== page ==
Adventures Abroad: Germans are forward in interactions, beer prices

Stereotypes tell us Germans may come off as rude, but Americans are way too loud

LAUREN ELLENBECKER, Evergreen reporter

There’s no better way to learn about a culture than through its stereotypes.

OK, maybe not. Stereotypes mislead individuals when developing opinions toward a certain culture and its people. French people are rude, Canadians are hopelessly apologetic and Americans are obese and lazy. However, what’s the common thought regarding Germans?

An unfortunate stereotype of Germans is that they don’t have a sense of humor, and this is tragic because I have met plenty people throughout Northern Germany whose laughs erupt throughout hallways and streets. I’ll admit that at times sarcasm, double meanings and self-deprecation isn’t appreciated as much as it is back in the states, but to each their own.

Of course, there are always the absurd and comical stereotypes, such as lederhosen being common attire or yodeling being the only means of communication. However, I think a very interesting caricature of Germany is that beer is cheaper than water.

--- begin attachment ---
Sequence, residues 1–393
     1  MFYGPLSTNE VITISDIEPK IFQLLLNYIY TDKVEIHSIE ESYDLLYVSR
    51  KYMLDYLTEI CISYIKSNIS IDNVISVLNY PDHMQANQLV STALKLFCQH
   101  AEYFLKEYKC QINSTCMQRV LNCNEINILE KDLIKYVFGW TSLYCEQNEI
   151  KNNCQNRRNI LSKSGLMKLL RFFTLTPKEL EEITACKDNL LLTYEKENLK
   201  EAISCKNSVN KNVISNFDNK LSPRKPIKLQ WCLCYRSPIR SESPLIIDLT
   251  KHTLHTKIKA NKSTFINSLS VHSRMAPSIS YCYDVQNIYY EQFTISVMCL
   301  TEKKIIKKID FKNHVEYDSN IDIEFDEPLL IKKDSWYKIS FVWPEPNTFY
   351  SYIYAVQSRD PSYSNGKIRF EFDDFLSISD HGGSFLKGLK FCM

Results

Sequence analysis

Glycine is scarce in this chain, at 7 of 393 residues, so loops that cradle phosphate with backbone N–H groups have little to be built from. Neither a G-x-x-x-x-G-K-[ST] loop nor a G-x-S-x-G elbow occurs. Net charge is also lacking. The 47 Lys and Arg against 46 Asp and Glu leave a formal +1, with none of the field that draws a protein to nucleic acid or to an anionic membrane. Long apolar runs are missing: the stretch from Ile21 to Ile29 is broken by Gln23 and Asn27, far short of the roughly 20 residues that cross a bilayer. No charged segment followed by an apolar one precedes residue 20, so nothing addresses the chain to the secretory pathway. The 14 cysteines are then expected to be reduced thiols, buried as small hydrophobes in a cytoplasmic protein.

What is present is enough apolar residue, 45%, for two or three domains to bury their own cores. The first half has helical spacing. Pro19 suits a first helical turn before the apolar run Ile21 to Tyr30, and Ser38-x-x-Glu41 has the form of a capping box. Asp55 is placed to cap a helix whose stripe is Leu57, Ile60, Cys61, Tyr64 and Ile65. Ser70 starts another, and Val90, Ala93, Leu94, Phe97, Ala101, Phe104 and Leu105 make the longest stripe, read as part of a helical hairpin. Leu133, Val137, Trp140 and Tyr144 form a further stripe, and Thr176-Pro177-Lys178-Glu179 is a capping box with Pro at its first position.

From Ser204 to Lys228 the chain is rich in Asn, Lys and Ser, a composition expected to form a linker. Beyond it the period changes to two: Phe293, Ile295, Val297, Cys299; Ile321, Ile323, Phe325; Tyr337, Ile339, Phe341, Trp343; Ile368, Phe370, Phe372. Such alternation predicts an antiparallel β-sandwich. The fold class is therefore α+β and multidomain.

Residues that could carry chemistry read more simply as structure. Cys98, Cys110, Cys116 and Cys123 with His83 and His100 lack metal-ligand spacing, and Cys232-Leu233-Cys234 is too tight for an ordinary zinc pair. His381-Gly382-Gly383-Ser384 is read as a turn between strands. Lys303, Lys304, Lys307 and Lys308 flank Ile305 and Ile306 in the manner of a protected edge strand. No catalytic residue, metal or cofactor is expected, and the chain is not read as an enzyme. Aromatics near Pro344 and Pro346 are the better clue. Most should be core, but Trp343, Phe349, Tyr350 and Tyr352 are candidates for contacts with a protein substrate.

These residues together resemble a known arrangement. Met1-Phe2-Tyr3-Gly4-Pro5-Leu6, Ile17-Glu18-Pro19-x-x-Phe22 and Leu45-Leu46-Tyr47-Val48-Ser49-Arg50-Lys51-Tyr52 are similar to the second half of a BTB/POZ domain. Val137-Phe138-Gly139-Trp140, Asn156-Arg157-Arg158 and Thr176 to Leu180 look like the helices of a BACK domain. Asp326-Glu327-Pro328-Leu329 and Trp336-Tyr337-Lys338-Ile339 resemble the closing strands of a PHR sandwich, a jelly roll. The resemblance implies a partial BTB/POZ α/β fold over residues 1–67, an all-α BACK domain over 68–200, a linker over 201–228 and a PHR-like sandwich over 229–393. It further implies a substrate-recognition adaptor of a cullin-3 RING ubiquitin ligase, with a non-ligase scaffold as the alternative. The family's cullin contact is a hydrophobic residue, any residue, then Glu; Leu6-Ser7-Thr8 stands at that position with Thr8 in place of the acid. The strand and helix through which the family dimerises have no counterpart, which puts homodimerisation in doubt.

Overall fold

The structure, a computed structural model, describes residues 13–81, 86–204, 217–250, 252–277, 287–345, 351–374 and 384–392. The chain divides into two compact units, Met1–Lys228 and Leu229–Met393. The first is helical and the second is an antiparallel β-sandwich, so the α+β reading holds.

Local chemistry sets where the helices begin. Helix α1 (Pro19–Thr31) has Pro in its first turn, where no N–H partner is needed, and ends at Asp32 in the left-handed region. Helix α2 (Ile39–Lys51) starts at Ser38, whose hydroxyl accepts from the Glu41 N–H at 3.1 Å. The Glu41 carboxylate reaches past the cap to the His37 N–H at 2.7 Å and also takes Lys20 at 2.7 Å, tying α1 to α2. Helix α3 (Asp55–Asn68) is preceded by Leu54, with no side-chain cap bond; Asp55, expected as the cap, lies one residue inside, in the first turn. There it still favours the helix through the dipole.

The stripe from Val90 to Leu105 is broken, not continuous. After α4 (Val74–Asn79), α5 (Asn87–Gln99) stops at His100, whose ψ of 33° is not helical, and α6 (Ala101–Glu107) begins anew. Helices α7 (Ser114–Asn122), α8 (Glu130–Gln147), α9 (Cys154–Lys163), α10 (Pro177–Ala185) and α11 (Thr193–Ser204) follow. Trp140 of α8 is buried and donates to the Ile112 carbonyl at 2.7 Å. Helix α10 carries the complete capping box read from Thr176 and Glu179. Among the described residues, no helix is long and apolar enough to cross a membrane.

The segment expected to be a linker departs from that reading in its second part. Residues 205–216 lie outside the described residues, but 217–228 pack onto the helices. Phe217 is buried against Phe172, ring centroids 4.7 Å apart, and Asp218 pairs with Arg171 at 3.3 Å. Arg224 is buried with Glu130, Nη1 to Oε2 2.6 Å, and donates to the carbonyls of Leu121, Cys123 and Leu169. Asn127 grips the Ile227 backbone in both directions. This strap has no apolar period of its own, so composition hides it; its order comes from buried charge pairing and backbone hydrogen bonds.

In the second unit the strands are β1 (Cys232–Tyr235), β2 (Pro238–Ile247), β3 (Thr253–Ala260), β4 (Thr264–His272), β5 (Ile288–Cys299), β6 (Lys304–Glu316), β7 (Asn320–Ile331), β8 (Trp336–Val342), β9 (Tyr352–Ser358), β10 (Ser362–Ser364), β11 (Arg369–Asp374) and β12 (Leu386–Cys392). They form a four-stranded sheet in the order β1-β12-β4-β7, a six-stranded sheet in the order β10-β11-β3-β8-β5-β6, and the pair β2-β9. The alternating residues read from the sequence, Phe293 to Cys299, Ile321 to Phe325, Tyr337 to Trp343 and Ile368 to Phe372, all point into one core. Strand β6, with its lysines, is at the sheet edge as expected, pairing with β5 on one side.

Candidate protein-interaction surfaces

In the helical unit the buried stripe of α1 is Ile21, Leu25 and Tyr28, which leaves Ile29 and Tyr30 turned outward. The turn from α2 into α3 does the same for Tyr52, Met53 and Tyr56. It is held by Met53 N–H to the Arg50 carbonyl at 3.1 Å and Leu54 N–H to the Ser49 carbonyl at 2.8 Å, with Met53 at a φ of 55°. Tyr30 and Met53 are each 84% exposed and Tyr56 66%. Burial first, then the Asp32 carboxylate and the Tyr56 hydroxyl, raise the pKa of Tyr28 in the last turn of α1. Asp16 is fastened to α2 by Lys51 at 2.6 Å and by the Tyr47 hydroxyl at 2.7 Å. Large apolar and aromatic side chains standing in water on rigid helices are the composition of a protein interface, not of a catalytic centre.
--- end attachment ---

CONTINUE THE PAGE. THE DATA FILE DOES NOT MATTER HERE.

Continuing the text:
Amazingly so, there is some truth to this. If I go shopping in an Aldi or a Penny, I can easily find a can or bottle of beer that costs less than a bottle of water. However, if you are searching for a quality German brew in a restaurant, it will cost about a Euro more than its non-alcoholic counterpart.

Although several German stereotypes are not entirely true or outright false, there are some that have a little accuracy to them.

It is true that Germans tend to be very forward, but this shouldn’t be mistaken as being rude. They like to get to point, and doesn’t that sound great? Personally, I prefer a German’s forthrightness more than an American’s passive and sometimes petty nature. If you ask them how their day is, expect a 15-minute chat, as opposed to a quick “fine.”

Additionally, Germans are thought as being one of the major bread consumers in the world, and this is true. There is enough bread in Lüneburg to build a Rye-ful Tower. That may be a hyperbole, but I’m not loafing around. There seems to be at least two bakeries on every block, and each shop contains a massive wall of dough.

Believe it or not, I began to see the truth in some stereotypes other countries have toward Americans. The stereotype I believed the most was Americans being loud, like really loud. It isn’t that noticeable when you’re surrounded by loud talkers, but when you realize your voice is the only one resonating throughout a restaurant, that might be a sign you need to turn it down a notch.

Luckily, intercultural competency is a means of communication that everyone can improve on, and it may be better to increase this skill sooner than later. No one wants to be the tourist wearing lederhosen or acting belligerently drunk due to the consumption of cheap beer rather than (just as cheap) water.